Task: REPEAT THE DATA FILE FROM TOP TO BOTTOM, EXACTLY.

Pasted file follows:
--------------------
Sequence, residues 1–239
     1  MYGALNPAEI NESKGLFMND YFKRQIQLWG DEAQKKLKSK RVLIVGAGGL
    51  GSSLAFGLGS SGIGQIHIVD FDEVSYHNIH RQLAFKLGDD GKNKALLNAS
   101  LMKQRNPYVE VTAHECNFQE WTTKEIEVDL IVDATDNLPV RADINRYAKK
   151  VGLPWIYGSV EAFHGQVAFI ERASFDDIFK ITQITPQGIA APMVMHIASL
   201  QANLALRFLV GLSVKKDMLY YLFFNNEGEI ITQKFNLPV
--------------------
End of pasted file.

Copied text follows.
Sequence, residues 1–239
     1  MYGALNPAEI NESKGLFMND YFKRQIQLWG DEAQKKLKSK RVLIVGAGGL
    51  GSSLAFGLGS SGIGQIHIVD FDEVSYHNIH RQLAFKLGDD GKNKALLNAS
   101  LMKQRNPYVE VTAHECNFQE WTTKEIEVDL IVDATDNLPV RADINRYAKK
   151  VGLPWIYGSV EAFHGQVAFI ERASFDDIFK ITQITPQGIA APMVMHIASL
   201  QANLALRFLV GLSVKKDMLY YLFFNNEGEI ITQKFNLPV